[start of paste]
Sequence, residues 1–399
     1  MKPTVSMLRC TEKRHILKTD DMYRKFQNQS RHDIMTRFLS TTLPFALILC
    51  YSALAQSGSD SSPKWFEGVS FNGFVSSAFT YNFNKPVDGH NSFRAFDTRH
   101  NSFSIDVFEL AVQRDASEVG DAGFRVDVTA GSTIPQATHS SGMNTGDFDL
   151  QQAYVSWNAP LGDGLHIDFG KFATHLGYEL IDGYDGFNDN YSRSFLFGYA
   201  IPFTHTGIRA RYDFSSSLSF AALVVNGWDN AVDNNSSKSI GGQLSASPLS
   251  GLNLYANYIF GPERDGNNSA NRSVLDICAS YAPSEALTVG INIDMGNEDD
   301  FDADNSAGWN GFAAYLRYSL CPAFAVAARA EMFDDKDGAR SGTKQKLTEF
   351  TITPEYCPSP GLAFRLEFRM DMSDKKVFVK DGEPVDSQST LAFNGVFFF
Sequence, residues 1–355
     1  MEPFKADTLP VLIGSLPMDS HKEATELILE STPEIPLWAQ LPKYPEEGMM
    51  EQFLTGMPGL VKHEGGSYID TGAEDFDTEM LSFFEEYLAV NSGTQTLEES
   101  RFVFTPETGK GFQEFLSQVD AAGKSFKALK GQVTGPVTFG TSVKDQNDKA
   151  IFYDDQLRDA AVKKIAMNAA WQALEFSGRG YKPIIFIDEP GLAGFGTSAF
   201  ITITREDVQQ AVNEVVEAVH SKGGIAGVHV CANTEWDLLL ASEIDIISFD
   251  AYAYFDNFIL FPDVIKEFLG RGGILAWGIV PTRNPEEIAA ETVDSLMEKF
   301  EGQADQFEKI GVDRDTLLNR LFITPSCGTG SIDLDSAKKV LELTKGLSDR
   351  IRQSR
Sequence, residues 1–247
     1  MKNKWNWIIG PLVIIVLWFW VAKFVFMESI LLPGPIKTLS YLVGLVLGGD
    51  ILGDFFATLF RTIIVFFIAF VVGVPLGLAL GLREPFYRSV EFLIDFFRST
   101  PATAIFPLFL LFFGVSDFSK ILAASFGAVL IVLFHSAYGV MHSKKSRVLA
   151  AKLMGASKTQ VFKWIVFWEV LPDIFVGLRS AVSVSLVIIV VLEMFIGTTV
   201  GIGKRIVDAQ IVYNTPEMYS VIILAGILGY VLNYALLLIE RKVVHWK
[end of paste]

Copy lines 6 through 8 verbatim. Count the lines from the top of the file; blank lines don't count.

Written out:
   201  IPFTHTGIRA RYDFSSSLSF AALVVNGWDN AVDNNSSKSI GGQLSASPLS
   251  GLNLYANYIF GPERDGNNSA NRSVLDICAS YAPSEALTVG INIDMGNEDD
   301  FDADNSAGWN GFAAYLRYSL CPAFAVAARA EMFDDKDGAR SGTKQKLTEF